Criminal Law Blog

At Least One Judge Wants the “Urban Gun Battle” Theory Overturned


Fleming v. United States (decided Nov. 10, 2016).

Players: Associate Judges Glickman, Fisher, and Easterly.  Opinion by Judge Glickman.  Concurrence by Judge Easterly.  Peter F. Meyers for Mr. Fleming.  Trial judge: Robert E. Morin.

Summary:  In Roy v. United States, 871 A.2d 498 (D.C. 2005), the DCCA approved a jury instruction in a murder case on the “gun battle” theory.  Under this theory, if a defendant is a participant in a shoot out during which a bystander is killed, a defendant may be found guilty of that person’s murder without proof that either the defendant’s or one of his confederates’ bullet killed the bystander.  In this radical departure from traditional theories of criminal liability, so long as the government proves “(1) a defendant’s actions contribute substantial to are or a substantial factor in a fatal injury . . . and (2) the death is a reasonably foreseeable consequence of the defendant’s actions,” the defendant may be found guilty of murder.

In this case, Mr. Fleming was charged with murder for the death of an individual who was killed during a gun battle between four persons—two on each side of a dispute.  There was no evidence whether antagonistic or friendly fire resulted in the death.  The jury was instructed on the gun battle theory of liability, and Mr. Fleming was convicted of the murder.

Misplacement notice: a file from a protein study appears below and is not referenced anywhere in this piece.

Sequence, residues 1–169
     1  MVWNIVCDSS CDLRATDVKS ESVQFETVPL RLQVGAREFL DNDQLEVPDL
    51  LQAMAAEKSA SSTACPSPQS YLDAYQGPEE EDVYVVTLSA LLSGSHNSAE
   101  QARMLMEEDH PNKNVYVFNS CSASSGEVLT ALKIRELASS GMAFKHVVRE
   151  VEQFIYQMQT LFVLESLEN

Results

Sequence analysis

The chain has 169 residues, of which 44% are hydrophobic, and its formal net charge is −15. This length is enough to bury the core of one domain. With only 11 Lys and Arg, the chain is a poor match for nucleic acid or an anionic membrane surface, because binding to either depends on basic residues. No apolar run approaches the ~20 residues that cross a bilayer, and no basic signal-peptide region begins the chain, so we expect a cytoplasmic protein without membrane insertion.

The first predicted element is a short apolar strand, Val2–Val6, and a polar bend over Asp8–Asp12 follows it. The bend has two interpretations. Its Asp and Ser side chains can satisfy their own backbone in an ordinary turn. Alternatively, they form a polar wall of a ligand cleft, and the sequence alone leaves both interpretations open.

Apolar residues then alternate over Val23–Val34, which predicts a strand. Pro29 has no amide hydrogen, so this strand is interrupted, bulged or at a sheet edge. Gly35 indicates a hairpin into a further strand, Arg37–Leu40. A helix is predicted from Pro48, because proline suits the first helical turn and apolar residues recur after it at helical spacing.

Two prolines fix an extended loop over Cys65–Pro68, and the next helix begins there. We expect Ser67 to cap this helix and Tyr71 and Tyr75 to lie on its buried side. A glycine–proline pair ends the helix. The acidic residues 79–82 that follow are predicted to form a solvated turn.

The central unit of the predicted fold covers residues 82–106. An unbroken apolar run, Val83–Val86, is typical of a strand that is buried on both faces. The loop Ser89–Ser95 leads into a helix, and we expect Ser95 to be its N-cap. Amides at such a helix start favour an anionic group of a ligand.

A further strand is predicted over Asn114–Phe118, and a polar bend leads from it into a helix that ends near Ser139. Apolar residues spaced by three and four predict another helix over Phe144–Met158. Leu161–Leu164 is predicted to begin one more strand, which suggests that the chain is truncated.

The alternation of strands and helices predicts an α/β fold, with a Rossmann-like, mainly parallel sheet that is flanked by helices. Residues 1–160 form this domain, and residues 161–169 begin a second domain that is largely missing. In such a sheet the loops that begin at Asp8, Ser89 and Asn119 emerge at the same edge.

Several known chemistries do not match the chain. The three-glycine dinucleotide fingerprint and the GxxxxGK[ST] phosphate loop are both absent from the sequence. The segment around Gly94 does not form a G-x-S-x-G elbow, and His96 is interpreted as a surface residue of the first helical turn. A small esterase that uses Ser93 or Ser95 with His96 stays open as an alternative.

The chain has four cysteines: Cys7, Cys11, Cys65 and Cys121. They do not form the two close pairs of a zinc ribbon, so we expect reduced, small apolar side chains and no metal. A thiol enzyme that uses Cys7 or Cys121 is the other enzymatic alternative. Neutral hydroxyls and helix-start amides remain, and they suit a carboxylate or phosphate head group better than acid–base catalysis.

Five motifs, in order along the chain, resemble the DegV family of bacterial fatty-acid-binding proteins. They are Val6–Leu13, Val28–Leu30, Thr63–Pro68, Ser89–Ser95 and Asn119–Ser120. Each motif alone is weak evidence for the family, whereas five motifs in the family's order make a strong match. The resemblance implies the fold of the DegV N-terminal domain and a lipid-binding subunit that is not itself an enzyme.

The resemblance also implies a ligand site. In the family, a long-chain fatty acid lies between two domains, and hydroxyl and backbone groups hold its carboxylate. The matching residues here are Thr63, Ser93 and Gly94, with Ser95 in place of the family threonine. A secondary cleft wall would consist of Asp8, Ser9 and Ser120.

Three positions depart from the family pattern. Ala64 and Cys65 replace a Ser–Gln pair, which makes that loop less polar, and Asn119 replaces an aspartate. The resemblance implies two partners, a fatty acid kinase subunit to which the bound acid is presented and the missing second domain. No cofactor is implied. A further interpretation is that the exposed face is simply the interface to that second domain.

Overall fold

The basis of Mr. Fleming’s appeal was that Royshould be limited to the death of bystanders, and not expanded to the death of participants in a gun battle.  The panel majority disagreed, and held that there is no distinction to be drawn between the death of a bystander and the death of a participant.

Of Note:  Judge Easterly writes a compelling concurrence arguing that Roy was wrongly decided.  She argues that nowhere in the criminal law is there precedent for removing but for causation from the requirements of criminal liability, and that to remove the essential element that the defendant “kills another” from D.C. murder statutes is to impermissibly rewrite those statutes.  She argues (1) that the court should go en banc to overturn Roy, but also (2) that because Roy conflicts with long-standing precedent it is not even binding law.   CP

Read full opinion here.